Iowa landowners, farmers collaborate on conservation
A growing number of Iowa landowners are working closely with their farmer-tenants to improve water quality, reduce soil loss and build soil health on their land, according to Steve Johnson, Iowa State University (ISU) Extension Farm Management specialist.
"Instead of just chasing dollars, I think a lot of landlords are taking a harder look these days at what’s going on their land," Johnson said last week at an ISU Extension Farm Leasing workshop in Altoona. "More and more landowners want to make sure that tenants are practicing good stewardship."
It’s important to get more landlords involved in conservation and water quality efforts through the Iowa Nutrient Reduction Strategy because more than half of the land in the state is leased to farmer-tenants, Johnson said.
"We’ve been focusing on farmers, but landlords are a big part of this and they have a big stake in land and water stewardship," he said. "I think landlords are starting to open up a dialogue on stewardship. And we are moving that direction faster than anybody imagined a few years ago because there is such a strong focus on water quality in soil conservation now in Iowa."
Along with a growing emphasis on stewardship, Johnson predicted Iowa landowners and tenants will face another difficult winter determining the cash rental rates for the 2017 crop year. "The financial situation that many farmers are facing is making it very tough to set rates," he said.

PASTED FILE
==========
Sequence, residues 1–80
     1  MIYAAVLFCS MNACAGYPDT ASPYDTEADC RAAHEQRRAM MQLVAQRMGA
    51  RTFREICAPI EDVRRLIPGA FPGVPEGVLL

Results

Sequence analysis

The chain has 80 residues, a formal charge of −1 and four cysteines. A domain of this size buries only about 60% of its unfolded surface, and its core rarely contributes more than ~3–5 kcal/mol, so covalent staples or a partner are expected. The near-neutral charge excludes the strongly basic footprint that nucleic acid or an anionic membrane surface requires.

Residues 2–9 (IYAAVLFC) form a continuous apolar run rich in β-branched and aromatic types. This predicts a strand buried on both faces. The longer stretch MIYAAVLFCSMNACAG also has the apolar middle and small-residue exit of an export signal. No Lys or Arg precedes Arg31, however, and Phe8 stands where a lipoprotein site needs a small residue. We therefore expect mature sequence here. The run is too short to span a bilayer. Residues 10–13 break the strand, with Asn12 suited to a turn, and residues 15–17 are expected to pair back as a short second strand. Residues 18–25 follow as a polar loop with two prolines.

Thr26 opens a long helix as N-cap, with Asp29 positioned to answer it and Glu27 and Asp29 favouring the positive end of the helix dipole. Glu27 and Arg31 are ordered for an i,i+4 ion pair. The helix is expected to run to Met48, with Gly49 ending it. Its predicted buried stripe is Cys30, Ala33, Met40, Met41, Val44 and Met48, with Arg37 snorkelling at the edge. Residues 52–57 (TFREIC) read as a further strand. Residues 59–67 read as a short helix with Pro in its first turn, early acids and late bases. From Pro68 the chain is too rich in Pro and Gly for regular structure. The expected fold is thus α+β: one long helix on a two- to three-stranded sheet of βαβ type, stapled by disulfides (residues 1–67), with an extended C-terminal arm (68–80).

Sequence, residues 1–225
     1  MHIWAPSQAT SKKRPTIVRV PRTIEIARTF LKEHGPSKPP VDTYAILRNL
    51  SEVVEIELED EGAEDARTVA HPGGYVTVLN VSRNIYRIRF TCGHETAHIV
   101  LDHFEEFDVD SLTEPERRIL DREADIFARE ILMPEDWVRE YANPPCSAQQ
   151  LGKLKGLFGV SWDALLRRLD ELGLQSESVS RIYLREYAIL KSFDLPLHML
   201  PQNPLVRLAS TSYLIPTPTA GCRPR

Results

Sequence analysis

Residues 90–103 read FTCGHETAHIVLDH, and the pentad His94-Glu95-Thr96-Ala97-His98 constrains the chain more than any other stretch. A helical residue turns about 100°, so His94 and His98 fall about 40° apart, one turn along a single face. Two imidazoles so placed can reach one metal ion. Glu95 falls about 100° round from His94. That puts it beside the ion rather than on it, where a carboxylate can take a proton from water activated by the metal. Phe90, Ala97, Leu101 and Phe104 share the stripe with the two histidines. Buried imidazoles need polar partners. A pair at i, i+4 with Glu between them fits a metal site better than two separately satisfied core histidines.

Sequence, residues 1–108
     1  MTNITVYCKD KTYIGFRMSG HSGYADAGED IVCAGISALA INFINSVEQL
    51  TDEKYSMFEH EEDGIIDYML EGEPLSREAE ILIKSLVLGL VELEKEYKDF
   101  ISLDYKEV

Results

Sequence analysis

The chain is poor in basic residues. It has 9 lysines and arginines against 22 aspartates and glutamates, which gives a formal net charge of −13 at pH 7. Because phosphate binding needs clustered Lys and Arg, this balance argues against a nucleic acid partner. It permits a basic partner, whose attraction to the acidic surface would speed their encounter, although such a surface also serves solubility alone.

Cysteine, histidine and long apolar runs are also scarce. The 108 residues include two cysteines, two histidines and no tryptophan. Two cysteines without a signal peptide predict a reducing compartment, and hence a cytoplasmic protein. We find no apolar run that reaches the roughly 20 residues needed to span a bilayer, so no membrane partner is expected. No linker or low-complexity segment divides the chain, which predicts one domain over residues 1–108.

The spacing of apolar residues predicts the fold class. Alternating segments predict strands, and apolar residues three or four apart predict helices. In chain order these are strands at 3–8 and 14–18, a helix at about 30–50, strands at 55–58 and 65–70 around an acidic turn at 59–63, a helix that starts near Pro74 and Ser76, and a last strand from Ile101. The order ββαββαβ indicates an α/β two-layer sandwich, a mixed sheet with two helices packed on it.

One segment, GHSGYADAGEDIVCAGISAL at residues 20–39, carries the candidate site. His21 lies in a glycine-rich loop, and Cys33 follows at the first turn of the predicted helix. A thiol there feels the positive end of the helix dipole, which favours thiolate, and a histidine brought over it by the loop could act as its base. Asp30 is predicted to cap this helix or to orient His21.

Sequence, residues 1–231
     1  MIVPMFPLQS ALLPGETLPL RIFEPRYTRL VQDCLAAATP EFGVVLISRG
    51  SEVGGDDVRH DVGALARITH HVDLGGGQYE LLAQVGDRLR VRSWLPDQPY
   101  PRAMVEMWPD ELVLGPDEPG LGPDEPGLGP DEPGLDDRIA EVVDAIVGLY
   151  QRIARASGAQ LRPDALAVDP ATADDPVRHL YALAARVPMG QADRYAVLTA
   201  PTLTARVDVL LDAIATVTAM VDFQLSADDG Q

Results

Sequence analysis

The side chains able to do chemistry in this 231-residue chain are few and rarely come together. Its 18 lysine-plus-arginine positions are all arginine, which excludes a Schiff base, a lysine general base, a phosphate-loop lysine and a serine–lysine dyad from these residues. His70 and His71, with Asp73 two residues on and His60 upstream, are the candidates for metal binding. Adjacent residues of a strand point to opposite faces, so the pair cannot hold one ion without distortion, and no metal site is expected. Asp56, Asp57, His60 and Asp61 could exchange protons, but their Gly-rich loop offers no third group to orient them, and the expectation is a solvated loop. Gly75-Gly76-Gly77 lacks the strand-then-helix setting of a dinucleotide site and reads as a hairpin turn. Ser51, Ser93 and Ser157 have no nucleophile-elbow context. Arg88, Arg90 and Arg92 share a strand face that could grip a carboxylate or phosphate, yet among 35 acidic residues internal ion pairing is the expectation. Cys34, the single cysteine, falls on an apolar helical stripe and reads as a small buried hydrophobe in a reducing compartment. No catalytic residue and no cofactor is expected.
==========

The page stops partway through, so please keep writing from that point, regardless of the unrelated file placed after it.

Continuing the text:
Most Iowa farmers still have fairly solid balance sheets thanks to robust income in the years prior to 2014. But they have had to work very hard to squeeze out costs because their cash flow has been slashed by sharply lower commodity prices since then, Johnson said. In many cases, that cost-cutting effort is being pushed by lenders, who are concerned about farmers’ ability to service operating and term loans, he said.
As they search for ways to reduce costs, farmers often focus on rental rates, Johnson said. "It’s almost sure to get much of the attention because it’s the biggest single cost item on a per-acre basis."
In this stressful climate, it’s important for landlords and tenants to keep the lines of communication open and to understand each other’s positions, Johnson said. "You need to listen to what the person on the other side of the table is saying," he said. "Don’t limit communication to annual rental payments and negotiations about next year’s cash rent."
As they negotiate leases, landlords need to understand that farmers are facing one of the toughest cash-flow crunches in decades, Johnson said. Tenants, on the other hand, should be willing to provide landlords more information, such as yield histories on their farm,
The economic stress may also spur more interest in "flexible cash leases" that tie the rental rate to yields and commodity prices, but likely have a base rent established. "Landlords may have to take on slightly more risk than they have been used to in the past," Johnson said.
The ISU Farmland Leasing workshop was one of 70 that ISU Extension is holding around the state this month to discuss land leasing issues. The workshops are designed to coincide with Iowa’s Sept. 1 deadline for either the landowner or tenant to terminate a farmland lease for the upcoming growing season.
Johnson noted that under a new law, passed by the Iowa Legislature earlier this year, termination of a farmland lease, whether it is oral or written, must be done in writing on or before Sept. 1. In addition, the termination notice cannot be part of the lease document, but must be a separate document.
For more information from ISU Extension on issues in Iowa farmland leases, go to http://www.extension.iastate.edu/agdm/wdleasing.
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